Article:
I’ve been barbecuing all my adult life. I don’t claim to be a grillmaster. I haven’t made a study of scientifically optimized barbecuing techniques. But I can usually get pretty good results. I’ve always been a traditionalist about it, only using charcoal, and always owning a primitive grill. I had a L’il Smokey in college. I had a tiny thing that fit in a backpack when I lived in Japan. Since then, I’ve always had one of those converted 55-gallon drums. I always felt that part of the fun of grilling was the unpredictability—that each time I got good results in spite of the lack of control, it was a small triumph over chaos, and my ability to get good results was evidence of some inarticulable talent.
It turns out that this represented one of those unexamined assumptions that turns out to be wrong.
The bottoms on those drum grills eventually rust out completely, so I’d wind up replacing them every few years. After the last one was gone, Gwen decided it was time for something different. She knew that charcoal grilling tastes better, but she also knew that gas grilling was more convenient, and can be a better-tasting option than stovetop cooling. She picked out a two-way grill, with gas in the left barrel and charcoal in the right. It was on sale at the big-box store, and we bought it. This is not something I would have picked out for myself—the charcoal side alone is fancier than any of those drum grills I’ve owned. And I felt a bit odd about allowing a propane grill into the household, even though I can avoid using it if I want.
We took the grill on its maiden voyage yesterday, and it immediately proved itself to be vastly superior to any grill I’ve owned before. To hell with triumph over chaos and inarticulable talent. I’ll stick with convenience, predictability, and control from now on. At least when it comes to grilling.
For the past four years, I’ve been making chili for a new year’s day party, a tradition I borrowed from my mom. Every year I’ve varied the recipe a little, and I think this year’s batch was the best yet. I am documenting what I did here.
I’ve always used the Pedernales River Chili recipe as my starting point. This year I also consulted The New Best Recipe, an excellent cookbook with a recipe for Texas-style chili that looks very respectable.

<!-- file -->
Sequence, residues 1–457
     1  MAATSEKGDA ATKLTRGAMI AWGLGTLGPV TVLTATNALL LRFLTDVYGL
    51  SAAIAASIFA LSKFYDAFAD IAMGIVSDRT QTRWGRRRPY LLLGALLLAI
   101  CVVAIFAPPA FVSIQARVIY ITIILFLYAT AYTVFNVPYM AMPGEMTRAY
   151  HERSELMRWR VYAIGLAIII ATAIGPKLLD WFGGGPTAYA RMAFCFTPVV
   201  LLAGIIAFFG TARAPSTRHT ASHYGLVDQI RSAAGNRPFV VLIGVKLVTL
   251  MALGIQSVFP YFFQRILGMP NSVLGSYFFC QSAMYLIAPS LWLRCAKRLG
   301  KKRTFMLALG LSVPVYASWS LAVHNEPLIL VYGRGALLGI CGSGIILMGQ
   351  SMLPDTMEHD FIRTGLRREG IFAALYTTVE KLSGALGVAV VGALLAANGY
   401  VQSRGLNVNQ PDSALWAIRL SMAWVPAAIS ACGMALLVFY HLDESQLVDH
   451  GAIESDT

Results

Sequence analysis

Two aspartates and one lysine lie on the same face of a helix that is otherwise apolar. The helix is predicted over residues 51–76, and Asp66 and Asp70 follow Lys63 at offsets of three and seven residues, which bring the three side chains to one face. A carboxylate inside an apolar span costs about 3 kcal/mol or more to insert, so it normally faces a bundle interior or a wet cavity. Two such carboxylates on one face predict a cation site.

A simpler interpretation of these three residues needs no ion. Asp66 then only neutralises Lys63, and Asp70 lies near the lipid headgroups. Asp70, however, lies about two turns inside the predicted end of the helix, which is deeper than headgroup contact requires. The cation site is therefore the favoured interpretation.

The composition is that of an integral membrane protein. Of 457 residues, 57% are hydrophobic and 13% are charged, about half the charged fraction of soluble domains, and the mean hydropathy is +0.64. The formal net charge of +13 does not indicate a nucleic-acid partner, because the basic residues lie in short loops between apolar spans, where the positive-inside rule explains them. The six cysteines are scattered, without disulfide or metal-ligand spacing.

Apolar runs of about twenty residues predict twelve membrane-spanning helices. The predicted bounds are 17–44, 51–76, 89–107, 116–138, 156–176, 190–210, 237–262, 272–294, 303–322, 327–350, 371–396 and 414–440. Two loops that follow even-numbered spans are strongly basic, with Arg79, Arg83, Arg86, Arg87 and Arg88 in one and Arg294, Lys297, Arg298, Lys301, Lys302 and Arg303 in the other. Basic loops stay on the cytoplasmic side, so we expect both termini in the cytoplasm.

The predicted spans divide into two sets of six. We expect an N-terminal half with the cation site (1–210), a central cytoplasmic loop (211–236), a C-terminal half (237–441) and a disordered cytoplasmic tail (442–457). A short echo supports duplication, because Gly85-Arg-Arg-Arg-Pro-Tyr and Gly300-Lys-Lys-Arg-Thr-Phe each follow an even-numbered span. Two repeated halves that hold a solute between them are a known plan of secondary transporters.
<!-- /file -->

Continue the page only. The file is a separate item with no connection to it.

This is a very large recipe. Most chili con carne recipes start with 4 lb of beef, so scale accordingly.
- 9 lb chuck roast. It should be no surprise that the cut of beef makes a big difference in the quality of the final product. I’ve tried stew meat and it’s nowhere near as good. I also don’t care for chili based on ground beef (leaving aside the potential food-safety issues with that).
- 2 large onions.
- 3 cans diced tomato.
- 18 tbsp chili powder. New Best Recipe observes that 2 tbsp of chili powder per pound of beef seems about right, and I agree. Speaking as someone who likes spicy food and has a reasonably good tolerance for spice, I’d describe the level of spiciness as a mild slap: enough to get your attention, but not enough to slow you down. Central Market has an outstanding selection of chili powder in bulk, and I probably spent 10 minutes sniffing at different jars. I brought home both New Mexico chili powder and House Blend. Gila Flats also seems like a good candidate. I wound up using about 10 tbsp of the New Mexico, 5 of the House Blend, 2 of ancho, and 1 of chipotle.
- 4 tbsp cumin seed. As per New Best Recipe, I toasted this in a dry pan first. Actually, I only had about 2 tbsp and wound up adding cumin powder to compensate.
- 4 tbsp dried oregano
- 3 cups water. This is a very dry recipe. Partly out of necessity: I was running out of room in my stewpot.
- Cube the chuck roast into roughly 1″ chunks.
- Chop the onion coarsely.
- In a large stewpot, brown the chuck roast in small batches and set aside.
- Sautee the onions in the stewpot with the beef fat, adding oil as needed.
- Add all the spices to the onions and continue sauteing for a minute.
- Return the beef to the stewpot and add the canned tomato and water. Add a few dashes of hot sauce. Bring to a boil and then reduce to a simmer while covered.
- After about 2 hours on the stove, the flavor wasn’t didn’t seem properly rounded out, so we added over a tablespoon of salt. That helped but didn’t quite do it either, so we added a tablespoon of cocoa powder, which did the trick. The chocolate turned out to be the magic ingredient.
- Continue simmering for a couple hours, store the whole pot in refrigerator overnight, reheat the next day for serving. At no point did I skim the fat off.
People seem to be interested in this, so here’s how to make it.
- Take one bundle of cilantro and cut off the stemmiest parts. Chop coarsely into smaller bundles.
- Juice four limes.
- Peel a fat chunk of ginger about one inch long and chop coarsely. Enough to fill the palm of one’s hand.
- Take one or two jalapeños (depending on intensity) and cut off the stems.
- Throw all this in a blender and puree. See if you need that second jalapeño. Add about a tablespoon of oil and salt to taste. Run the blender for a few more seconds.
This is especially good on fish or shrimp, but will work on just about anything. We typically pan-fry some kind of white fish, pour the sauce over it when it’s about halfway done, let it cook in the sauce for a while, and serve over rice.